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Fraudulent certificates in the wild — again

Fraudulent certificates in the wild — again

Posted Jan 5, 2013 22:19 UTC (Sat) by paulj (subscriber, #341)
In reply to: Fraudulent certificates in the wild — again by kleptog
Parent article: Fraudulent certificates in the wild — again

There is a simple solution to this, for certs that authenticate domains: publish the certs in DNSSec signed records. This automatically aligns the trust hierarchy of the certificates with that of the objects the certificates belong to, by re-using the trust hierarchy attesting to the validity of those objects.

Of course, it means the CA business model for domain names becomes obsolete, and only needed to support legacy applications.

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Posted Jan 6, 2013 16:38 UTC (Sun) by tialaramex (subscriber, #21167) [Link]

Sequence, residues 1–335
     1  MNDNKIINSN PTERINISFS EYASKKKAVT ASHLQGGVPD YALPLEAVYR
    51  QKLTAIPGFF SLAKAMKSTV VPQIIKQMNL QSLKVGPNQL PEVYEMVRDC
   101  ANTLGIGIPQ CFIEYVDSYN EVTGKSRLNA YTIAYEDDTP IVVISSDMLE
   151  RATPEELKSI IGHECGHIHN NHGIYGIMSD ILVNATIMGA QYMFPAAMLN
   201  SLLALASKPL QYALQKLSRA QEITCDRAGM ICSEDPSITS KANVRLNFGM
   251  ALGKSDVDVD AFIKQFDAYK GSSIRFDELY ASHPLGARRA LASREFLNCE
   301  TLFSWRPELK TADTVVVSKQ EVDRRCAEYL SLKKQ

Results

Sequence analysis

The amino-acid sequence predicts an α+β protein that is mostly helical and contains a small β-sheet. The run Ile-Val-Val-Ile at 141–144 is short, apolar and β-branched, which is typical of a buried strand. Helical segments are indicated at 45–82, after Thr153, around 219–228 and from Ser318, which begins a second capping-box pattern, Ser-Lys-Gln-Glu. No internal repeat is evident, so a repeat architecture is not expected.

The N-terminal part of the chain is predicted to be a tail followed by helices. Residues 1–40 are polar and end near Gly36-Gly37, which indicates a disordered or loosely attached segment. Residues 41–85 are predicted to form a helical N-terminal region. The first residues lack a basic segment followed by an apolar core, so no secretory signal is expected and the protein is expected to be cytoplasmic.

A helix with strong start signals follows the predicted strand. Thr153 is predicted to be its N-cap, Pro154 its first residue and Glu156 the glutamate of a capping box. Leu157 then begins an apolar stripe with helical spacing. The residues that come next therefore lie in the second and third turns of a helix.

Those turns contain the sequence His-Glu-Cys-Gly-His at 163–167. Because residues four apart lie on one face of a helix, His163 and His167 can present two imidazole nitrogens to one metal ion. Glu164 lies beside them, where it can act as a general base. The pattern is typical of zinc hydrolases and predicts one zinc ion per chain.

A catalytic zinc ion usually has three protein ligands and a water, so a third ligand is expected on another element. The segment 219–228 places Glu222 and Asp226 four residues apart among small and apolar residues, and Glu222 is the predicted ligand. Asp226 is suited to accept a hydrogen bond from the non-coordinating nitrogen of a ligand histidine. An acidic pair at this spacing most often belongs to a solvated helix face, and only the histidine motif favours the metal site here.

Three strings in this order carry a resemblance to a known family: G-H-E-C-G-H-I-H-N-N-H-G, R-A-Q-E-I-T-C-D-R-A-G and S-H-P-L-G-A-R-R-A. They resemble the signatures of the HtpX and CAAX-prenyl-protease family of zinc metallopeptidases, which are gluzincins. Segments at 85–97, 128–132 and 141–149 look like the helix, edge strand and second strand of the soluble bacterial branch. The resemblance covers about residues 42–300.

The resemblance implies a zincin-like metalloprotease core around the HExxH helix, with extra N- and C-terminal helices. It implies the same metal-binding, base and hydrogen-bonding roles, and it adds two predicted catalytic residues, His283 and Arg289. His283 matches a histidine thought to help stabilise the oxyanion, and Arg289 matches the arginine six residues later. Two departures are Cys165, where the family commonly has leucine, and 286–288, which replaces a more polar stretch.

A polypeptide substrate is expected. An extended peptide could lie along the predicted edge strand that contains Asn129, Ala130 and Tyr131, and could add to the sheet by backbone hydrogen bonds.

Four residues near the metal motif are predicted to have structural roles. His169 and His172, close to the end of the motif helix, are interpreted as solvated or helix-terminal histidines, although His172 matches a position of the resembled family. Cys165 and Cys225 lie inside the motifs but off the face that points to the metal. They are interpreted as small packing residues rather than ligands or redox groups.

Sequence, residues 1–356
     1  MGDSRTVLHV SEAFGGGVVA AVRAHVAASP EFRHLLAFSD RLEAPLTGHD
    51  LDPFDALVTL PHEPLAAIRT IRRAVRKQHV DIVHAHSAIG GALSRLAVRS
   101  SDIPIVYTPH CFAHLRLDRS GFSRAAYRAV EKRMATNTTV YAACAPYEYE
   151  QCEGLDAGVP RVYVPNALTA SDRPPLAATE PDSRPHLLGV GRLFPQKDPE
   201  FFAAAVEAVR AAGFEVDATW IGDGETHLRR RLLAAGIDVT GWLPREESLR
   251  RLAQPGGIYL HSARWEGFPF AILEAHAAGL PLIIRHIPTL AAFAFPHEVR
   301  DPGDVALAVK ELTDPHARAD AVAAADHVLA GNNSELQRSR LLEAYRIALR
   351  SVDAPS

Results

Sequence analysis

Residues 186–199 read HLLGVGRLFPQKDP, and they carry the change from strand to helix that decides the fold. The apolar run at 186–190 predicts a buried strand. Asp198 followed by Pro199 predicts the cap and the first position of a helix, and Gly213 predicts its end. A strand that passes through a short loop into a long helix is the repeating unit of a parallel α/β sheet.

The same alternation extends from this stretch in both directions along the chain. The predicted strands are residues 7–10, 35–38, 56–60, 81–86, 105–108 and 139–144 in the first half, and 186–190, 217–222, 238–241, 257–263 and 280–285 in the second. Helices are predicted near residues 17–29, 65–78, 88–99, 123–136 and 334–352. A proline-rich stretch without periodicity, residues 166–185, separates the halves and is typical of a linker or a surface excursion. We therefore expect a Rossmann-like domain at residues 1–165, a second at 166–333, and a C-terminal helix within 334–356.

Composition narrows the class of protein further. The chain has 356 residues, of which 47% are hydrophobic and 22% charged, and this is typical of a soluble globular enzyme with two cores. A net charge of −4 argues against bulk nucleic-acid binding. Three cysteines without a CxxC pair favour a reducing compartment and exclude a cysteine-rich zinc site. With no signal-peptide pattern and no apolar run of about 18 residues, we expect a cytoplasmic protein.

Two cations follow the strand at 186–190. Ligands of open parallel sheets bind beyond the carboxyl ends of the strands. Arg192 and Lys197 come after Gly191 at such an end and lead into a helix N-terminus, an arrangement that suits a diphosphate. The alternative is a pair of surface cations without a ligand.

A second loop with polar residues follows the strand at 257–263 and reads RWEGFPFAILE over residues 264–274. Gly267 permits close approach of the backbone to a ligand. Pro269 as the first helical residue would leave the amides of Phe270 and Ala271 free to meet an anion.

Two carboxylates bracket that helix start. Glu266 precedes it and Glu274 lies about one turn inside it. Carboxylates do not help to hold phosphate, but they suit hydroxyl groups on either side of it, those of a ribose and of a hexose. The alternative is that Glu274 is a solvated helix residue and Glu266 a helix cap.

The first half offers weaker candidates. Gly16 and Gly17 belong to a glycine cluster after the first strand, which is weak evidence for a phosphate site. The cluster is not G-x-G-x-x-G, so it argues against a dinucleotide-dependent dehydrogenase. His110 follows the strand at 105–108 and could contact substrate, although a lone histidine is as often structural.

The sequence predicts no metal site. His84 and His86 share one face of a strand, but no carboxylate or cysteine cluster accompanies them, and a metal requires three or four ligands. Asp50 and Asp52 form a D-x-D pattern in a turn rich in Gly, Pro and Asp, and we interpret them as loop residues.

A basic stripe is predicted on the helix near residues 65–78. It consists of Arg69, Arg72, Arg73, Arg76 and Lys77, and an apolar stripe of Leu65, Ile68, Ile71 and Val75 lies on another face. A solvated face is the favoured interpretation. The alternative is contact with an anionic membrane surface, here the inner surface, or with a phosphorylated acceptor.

And in fact work on the standards to make this happen is already done, as RFC 6698 - DANE, DNS Authentication of Named Entities for SSL / TLS protected services like HTTPS or IMAPS

For SSH it not only exists, as the SSHFP record but the software to support it is widely deployed (modern OpenSSH), if your organisation has DNSSEC signed DNS records and a vaguely modern resolver on machines that run SSH clients then you can put the public key signatures into DNS and throw away all those known_hosts files that are such a pain to maintain and distribute on big networks.

Actually getting DANE supported is a problem. Mozilla has sat on a Firefox patch for about a year, Internet Explorer would probably only introduce support if it became a Must Have for some reason. The bigger the dinosaur the more tempting it is to preserve the status quo, no matter how miserable that is for users.

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